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1 Non-renewable Resources: Optimal Extraction

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2 Categories of Natural Resources Nonrenewable vs. Renewable –Nonrenewable – finite quantity, rate of generation insignificant compared with rate of use. –Renewable – high rate of generation or regeneration. –With nonrenewables we are concerned with determining efficient inter-temporal consumption.

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3 Defining Dynamic Efficiency When a policy or program produces streams of benefits and costs over time, it is dynamic, rather than static. In a dynamic setting, the economically efficient allocation maximizes the present value of net benefits. At this allocation, PV(marginal net benefits) are equal across time periods. If this weren’t true, it would be possible to increase the present value of net benefits by re-allocating consumption across time periods.

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4 Parameters of Our Two-period Problem: Extraction of 20 Barrels of Oil.

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5 Problem with Static Efficiency and Non-renewables $ barrels extracted (Q) MC 8 Demand for oil: MB = q MB(Q) 15 PERIOD #1 2 0

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6 Problem with Static Efficiency and Non-renewables $ barrels extracted (Q) MC 8 Demand for oil: MB = q MB(Q) 15 PERIOD # =30 > 20 units available 2 0 $ barrels extracted (Q) MC 8 MB(Q) 15 PERIOD #2 2 0

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7 First Candidate for Two-period Consumption Allocation Candidate 1: Extract 15 in period 1, and leave whatever is left over (5) for consumption in period 2. $ barrels extracted (Q) MC 8 MB(Q) 15 PERIOD #1 2 0 $ barrels extracted (Q) MC 8 MB(Q) 5 PERIOD #2 2 0 NB 1 NB 2 NMB(shaded) = 26NMB(shaded) = 22 PVNB = /(1+.10) = = 46

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8 Second Candidate for Two-period Consumption Allocation Candidate 2: Extract 5 in period 1, and leave 15 for consumption in period 2. $ MC 8 MB(Q) 5 PERIOD #1 2 0 NB 1 barrels extracted (Q) MC 8 MB(Q) 15 PERIOD #2 2 0 NB 2 barrels extracted (Q) NMB = 22NMB = 26 PVNB = /(1+.10) = = 45

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In a dynamic setting, the economically efficient allocation maximizes the present value of net benefits. At this allocation, PV(marginal net benefits) are equal across time periods. 9 Algebraic Solution to Dynamically Efficient Allocation in Two Periods

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10 Non-renewable Resource Extraction: The Two-period Model Q in Period #2 Marginal Net Benefit in Period #1 ($) Marginal Net Benefit in Period #2 ($) discounted at 10% r Q in Period #1 PV of MB- MC in Period #1 PV of MB- MC in Period #

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11 Dynamically Efficient Allocation in the Two-period Model q 1 = q 2 =9.761 From demand function,p 1 =3.90 [MB = q] p 2 = Q in Period #2 Marginal Net Benefit in Period #1 ($) Marginal Net Benefit in Period #2 ($) discounted at 10% r Q in Period #1 PV of MB- MC in Period #1 PV of MB- MC in Period #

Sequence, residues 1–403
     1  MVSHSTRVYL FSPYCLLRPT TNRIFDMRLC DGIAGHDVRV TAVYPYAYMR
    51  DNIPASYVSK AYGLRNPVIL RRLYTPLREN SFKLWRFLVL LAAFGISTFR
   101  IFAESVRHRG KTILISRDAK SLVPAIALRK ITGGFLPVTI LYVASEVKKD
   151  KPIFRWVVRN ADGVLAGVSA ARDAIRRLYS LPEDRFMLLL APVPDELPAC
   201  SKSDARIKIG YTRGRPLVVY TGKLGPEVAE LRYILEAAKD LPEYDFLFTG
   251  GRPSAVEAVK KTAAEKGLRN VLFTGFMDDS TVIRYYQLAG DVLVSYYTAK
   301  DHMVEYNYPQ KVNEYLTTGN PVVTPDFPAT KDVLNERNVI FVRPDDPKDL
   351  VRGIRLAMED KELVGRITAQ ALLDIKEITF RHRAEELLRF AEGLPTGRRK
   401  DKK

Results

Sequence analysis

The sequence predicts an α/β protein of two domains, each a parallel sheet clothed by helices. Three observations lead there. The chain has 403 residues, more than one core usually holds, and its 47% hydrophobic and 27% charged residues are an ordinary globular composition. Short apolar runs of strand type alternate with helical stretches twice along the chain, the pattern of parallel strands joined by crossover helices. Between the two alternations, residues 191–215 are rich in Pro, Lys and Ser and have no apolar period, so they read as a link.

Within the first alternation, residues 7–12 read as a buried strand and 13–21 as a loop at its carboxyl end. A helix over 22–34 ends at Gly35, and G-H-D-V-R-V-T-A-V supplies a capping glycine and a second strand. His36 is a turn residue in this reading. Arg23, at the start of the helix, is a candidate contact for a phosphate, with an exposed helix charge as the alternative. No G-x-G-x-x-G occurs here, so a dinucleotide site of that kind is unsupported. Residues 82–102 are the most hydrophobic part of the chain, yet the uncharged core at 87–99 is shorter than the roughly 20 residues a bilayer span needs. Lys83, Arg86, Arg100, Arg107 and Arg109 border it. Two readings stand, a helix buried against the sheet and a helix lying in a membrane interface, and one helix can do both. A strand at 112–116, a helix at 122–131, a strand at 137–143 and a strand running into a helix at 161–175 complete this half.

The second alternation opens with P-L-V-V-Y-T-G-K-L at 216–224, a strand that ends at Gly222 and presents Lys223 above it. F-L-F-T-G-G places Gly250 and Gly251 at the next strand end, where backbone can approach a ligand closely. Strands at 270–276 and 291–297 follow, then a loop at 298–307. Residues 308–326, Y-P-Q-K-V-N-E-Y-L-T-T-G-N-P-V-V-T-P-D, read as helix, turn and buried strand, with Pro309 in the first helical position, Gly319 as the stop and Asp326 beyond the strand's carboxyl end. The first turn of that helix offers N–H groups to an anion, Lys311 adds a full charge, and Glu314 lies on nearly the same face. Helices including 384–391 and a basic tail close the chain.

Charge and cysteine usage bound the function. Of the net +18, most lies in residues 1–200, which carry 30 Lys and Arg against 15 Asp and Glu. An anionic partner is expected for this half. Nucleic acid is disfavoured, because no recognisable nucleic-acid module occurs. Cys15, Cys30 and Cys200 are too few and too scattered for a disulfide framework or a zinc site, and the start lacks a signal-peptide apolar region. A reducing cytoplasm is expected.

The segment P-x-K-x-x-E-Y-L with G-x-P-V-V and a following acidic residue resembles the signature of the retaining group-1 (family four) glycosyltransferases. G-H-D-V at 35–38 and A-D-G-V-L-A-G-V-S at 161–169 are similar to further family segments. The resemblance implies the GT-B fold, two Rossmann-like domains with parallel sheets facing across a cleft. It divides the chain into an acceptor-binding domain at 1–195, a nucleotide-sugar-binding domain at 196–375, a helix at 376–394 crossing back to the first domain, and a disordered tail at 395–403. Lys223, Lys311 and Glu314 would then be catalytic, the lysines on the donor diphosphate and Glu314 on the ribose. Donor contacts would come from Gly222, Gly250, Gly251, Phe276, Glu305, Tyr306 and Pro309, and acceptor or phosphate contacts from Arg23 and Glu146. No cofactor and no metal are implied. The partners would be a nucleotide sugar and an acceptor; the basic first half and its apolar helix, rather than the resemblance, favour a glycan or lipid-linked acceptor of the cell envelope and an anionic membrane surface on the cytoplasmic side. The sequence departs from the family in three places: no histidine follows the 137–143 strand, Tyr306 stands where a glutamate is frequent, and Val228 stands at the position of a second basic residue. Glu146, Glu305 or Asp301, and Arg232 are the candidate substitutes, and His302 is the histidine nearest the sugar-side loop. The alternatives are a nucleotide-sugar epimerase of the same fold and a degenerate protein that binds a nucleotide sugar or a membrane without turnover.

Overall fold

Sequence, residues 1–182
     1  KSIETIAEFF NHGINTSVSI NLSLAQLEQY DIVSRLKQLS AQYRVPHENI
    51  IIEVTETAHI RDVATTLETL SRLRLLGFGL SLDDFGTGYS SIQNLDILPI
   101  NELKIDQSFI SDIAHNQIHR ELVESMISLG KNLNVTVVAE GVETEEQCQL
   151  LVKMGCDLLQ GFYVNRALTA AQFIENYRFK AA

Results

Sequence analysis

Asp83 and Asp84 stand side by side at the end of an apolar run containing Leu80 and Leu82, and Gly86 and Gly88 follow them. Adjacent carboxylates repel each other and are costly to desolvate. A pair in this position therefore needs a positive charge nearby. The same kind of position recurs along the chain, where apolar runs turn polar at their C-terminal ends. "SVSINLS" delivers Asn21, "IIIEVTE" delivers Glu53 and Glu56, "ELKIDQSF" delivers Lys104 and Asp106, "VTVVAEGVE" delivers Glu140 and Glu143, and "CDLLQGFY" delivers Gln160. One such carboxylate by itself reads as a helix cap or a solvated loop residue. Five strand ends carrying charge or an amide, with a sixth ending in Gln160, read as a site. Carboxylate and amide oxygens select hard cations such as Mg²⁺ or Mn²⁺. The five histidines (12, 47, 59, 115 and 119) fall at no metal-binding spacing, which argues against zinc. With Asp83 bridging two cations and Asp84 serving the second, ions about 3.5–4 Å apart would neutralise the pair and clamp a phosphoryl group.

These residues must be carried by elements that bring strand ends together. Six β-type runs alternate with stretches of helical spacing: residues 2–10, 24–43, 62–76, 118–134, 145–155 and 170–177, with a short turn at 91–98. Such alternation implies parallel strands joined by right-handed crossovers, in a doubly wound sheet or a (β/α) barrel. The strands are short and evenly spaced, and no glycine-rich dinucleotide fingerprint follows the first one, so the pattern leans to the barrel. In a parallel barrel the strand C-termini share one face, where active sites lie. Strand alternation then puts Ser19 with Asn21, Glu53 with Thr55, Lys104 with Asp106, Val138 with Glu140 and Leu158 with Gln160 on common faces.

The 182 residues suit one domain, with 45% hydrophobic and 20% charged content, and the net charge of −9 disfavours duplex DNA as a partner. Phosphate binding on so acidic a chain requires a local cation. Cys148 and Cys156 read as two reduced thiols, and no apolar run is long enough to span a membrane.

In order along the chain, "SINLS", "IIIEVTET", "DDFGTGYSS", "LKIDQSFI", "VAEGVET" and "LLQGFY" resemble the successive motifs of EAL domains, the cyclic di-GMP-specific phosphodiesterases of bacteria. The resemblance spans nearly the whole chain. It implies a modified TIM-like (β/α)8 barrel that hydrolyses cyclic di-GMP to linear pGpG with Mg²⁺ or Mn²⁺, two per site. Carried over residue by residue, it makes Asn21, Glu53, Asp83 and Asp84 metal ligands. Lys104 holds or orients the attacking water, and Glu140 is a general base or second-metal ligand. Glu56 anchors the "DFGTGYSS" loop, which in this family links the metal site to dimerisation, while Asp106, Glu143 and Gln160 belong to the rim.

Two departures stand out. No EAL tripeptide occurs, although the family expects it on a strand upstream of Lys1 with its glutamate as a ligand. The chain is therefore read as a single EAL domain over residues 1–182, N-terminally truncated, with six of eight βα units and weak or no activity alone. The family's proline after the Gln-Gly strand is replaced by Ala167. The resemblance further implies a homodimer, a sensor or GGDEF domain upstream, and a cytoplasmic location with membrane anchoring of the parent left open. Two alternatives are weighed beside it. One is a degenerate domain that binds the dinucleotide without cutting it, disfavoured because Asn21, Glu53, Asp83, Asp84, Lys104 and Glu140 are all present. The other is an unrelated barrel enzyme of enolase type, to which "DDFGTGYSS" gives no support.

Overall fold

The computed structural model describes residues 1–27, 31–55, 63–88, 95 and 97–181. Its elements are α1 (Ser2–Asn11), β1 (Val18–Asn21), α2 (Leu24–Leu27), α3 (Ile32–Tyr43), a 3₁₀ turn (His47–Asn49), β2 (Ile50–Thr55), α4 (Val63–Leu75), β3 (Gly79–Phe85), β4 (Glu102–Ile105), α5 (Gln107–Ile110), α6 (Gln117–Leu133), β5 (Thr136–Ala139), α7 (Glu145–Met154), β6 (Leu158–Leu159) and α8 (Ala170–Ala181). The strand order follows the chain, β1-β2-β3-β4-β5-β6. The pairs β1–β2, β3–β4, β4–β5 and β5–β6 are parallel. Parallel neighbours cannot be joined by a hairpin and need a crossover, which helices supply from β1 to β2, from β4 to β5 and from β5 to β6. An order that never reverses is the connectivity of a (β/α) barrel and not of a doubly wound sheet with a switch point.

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12 Dynamic Efficiency with Constant Marginal Extraction Costs Period #1 Period # P ($) Q Q 2 2 p 1 = 3.90 p 2 = 4.10 MEC MUC 1 = 1.90 MUC 2 = 2.10 q 1 = q 2 = P ($) MUC is marginal user cost MEC is marginal extraction cost demand

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13 Scarcity and Marginal User Cost Marginal user cost (or scarcity rent) of current consumption is the opportunity cost of forgone future consumption. For non-renewables, MUC=P-MEC This extra cost is a negative externality from the extraction of non-renewable resources. Must be internalized for market equilibrium allocation to be efficient.

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14 The Hotelling Rule At the dynamically efficient extraction allocation of a non-renewable resource with constant marginal extraction cost, the marginal user cost rises over time at the rate of interest (the opportunity cost of capital). Therefore, price also rises at the rate of interest [since MEC is constant – refer fig. on pg. 12] No-arbitrage condition: if it were possible to make more ($) by shifting consumption around, the private owner would do that.

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15 Assumptions of Hotelling Model Constant marginal extraction costs: only MUC changes over time. Private, competitive owners of non-renewable resources: property rights are well defined. Future price path is known (or “equilibrium in expectations”)

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16 Generalizing from 2 Periods to N Periods Generalizes to the n-period case. Hotelling rule still holds for constant MEC. Exhaustion of the resource will occur at the point where MEC+MUC=“reservation price” or “choke price”, if such a price exists. What does the choke price or reservation price represent?